Residents of Toronto’s boroughs are more likely to think that “carding” (71% of Etobicoke/York, 72% of North York, and 69% of Scarborough residents vs. 52% of Toronto/East York residents) and having more daytime police patrols (83% of Etobicoke/York, 80% of North York, and 80% of Scarborough residents vs. 67% of Toronto/ East York residents) would be effective solutions to the gun violence problem. Men are also more likely to support “carding” than women (72% vs. 56%). On the other hand, women are more likely to support having more social programs for youth (89% vs. 82% of men), more mental health resources (92% vs. 79%) and having stricter gun control laws that would further limit the sale of guns (89% vs. 78%). At around nine in ten, Boomers are statistically more likely to prefer both tougher sentences for those convicted of gun crimes (91%) and a greater police presence on the streets in the late evening/early morning (94%), compared to Gen Xers (at 83% & 80% respectively) and Millennials (at 73% and 77%).

Majority of Torontonians Approve of Mayor Tory and Police Chief Saunders, Support Mayor’s Proposal to Ban Handguns

The recent violence in the city does not appear to have shaken the confidence that Torontonians have in their leaders. Approval ratings for the Police Chief, rank-and-file police offers, and the Mayor of Toronto remain strong. The chart below depicts the proportion of Torontonians who approve of each of the following people or groups tested:


% approve (strongly/somewhat)

% disapprove (Strongly/somewhat)

% Don’t know

Rank-and-file police officers


(21% / 52%)


(5% / 12%)


Police Chief Mark Saunders


(17% / 48%)


(6% / 17%)


Mayor John Tory


(25% / 40%)


(11% / 19%)


Your City Councilor


(18% / 44%)


(8% / 14%)


Prime Minister Justin Trudeau


(22% / 35%)


(20% / 21%)


Premier Doug Ford


(21% / 29%)


(27% / 15%)


Bill Blair, Federal Minister of Border Security & Organized Crime Reduction


(13% / 33%)


(10% / 20%)


Mayor Tory has already introduced the idea of a complete ban on handguns in the City of Toronto, and the federal government has agreed to consider the mayor’s request. It appears that Torontonians are strongly with the Mayor on this issue:

  • Well over eight in ten (86%) support (61% strongly/25% somewhat) a ban on the possession of handguns in the City of Toronto, while 14% oppose (5% strongly/9% somewhat) it.
  • Eight in ten (83%) support (60% strongly/23% somewhat) a ban on selling firearms ammunition in the City of Toronto, while just one in six (17%) oppose (5% strongly/12% somewhat) such a ban. Nine in ten (92%) North York residents support banning the sale of firearms ammunition, more than their counterparts living in Etobicoke/York (81%), Scarborough (80%), and Downtown Toronto/East York (80%).

The Drivers of Gun Violence

When asked about the various factors that contribute to gun violence, opinions are markedly different than they were thirteen years ago. Across the board, the intensity of strong opinions has faded, with Toronto residents being less likely to rate most factors as having a major contribution, suggesting an acknowledgement that it is not one issue, but rather a variety of things that contribute to gun violence, making potential solutions complex and multi-faceted.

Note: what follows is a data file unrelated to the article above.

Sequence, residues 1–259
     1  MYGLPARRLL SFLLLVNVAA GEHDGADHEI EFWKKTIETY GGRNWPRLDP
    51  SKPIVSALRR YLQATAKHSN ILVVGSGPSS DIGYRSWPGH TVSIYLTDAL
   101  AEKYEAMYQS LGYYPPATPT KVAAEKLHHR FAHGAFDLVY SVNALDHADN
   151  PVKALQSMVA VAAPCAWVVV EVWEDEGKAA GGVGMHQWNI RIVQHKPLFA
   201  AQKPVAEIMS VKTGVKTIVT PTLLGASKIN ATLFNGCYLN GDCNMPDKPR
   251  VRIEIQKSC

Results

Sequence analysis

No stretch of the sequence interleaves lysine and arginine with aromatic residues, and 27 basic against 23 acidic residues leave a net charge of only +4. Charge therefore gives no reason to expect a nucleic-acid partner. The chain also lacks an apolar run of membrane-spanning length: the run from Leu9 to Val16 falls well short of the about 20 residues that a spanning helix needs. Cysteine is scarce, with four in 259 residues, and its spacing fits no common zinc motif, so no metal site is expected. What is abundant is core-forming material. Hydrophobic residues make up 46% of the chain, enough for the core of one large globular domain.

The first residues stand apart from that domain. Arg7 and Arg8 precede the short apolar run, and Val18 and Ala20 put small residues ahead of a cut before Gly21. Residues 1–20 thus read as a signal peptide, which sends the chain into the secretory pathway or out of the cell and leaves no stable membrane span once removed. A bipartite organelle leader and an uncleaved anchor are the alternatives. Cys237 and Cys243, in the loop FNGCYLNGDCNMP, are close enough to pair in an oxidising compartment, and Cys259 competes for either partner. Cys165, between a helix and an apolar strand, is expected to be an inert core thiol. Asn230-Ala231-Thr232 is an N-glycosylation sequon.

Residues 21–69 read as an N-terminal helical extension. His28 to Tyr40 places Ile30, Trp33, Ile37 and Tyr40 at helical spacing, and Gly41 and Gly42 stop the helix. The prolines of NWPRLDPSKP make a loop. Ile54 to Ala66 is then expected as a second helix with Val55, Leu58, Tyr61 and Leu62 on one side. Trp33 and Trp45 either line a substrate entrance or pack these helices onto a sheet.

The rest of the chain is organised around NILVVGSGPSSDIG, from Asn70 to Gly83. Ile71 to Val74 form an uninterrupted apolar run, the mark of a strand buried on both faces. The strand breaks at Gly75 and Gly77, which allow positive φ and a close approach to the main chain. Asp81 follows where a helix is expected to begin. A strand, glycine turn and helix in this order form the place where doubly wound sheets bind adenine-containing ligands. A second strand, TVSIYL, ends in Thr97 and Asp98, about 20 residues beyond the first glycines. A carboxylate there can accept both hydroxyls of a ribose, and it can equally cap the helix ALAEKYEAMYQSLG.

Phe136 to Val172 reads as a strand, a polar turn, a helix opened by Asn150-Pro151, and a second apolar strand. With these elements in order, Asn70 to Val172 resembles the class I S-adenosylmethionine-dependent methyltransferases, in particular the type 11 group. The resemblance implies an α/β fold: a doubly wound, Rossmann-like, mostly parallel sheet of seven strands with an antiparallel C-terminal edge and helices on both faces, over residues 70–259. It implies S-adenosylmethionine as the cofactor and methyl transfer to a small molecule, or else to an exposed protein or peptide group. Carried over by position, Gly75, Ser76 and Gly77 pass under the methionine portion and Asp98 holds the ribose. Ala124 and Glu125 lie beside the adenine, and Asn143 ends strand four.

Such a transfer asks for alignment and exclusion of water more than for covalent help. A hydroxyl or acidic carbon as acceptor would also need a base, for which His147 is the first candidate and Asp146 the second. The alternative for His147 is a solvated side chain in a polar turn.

Seven in ten (71%) view gangs as a major factor (compared to 89% in 2005), two in three (67%) think drugs are a major factor (86% in 2005), four in ten cite poverty (39% vs. 50% in 2005) or the glamorization of gang culture (44% vs. 63% in 2005) as major factors, and one in three the lack of police presence (32% vs. 42% in 2005), affordable housing (34% vs. 38% in 2005), or adequate recreational facilities and youth programs (30% vs. 46% in 2005) as major factors. Additionally, three quarters (73%) think the ability of criminals to acquire guns plays a major role, and most (54%) view a lack of adequate resources to address mental illness as a major factor when it comes to gun violence.

Boomers (55+) are more likely to think that gangs (87%), drugs (79%), and the ability of criminals to acquire guns (92%) are major factors when it comes to gun violence than Gen Xers (67%, 66%, and 71% respectively) and Millennials (55%, 51%, and 50% respectively). Women are more likely to view poverty (45% vs. 34% of men), a lack of youth programs (34% vs. 25%), insufficient mental health resources (61% vs. 46%), and the ability of criminals to acquire guns (81% vs. 65%) as major factors, compared to men.

Assessing the confidence that Torontonians have in their leaders to address this issue, at eight in ten, the highest proportion of Toronto residents trust Police Chief Mark Saunders (79%) or his team of rank-and-file police officers (79%) to take the appropriate actions to reduce gun violence. Around seven in ten trust community leaders (73%), Mayor John Tory (73%), their City Councilor (69%), or former Police Chief and current Federal Minister of Border Security and Organized Crime Reduction Bill Blair (67%). Six in ten (61%) trust Prime Minister Justin Trudeau while slightly fewer, and the lowest proportion overall (57%), trust Ontario Premier Doug Ford to take appropriate action. Seven in ten (70%) of those with children trust Premier Doug Ford to take the appropriate action, which only 53% of those without kids say the same.

About the Study

These are some of the findings of an Ipsos survey conducted between July 25th and 30th 2018, on behalf of Global News. For this survey, a random sample of 800 Toronto residents aged 18+ were interviewed online via the Ipsos I-Say panel and non-panel sources. Weighting was then employed to balance demographics to ensure that the sample's composition reflects that of the adult population according to Census data and to provide results intended to approximate the sample universe. The precision of Ipsos online surveys is measured using a credibility interval. In this case, the survey is accurate to within ±4.0 percentage points, 19 times out of 20, had all Toronto residents over the age of 18 been surveyed. The credibility interval will be wider among subsets of the population. All sample surveys and polls may be subject to other sources of error, including, but not limited to coverage error, and measurement error.

For more information on this news release, please contact:
Darrell Bricker, PhD
CEO, Ipsos Public Affairs
+1 416 324 2001

About Ipsos Public Affairs

Ipsos Public Affairs is a non-partisan, objective, survey-based research practice made up of seasoned professionals. We conduct strategic research initiatives for a diverse number of Canadian American and international organizations, based not only on public opinion research, but elite stakeholder, corporate, and media opinion research.
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About Ipsos

Ipsos is an independent market research company controlled and managed by research professionals. Founded in France in 1975, Ipsos has grown into a worldwide research group with a strong presence in all key markets. Ipsos ranks fourth in the global research industry.
With offices in 88 countries, Ipsos delivers insightful expertise across five research specializations: brand, advertising and media; customer loyalty; marketing; public affairs research; and survey management.
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The author(s)

  • Darrell Bricker Global CEO, Public Affairs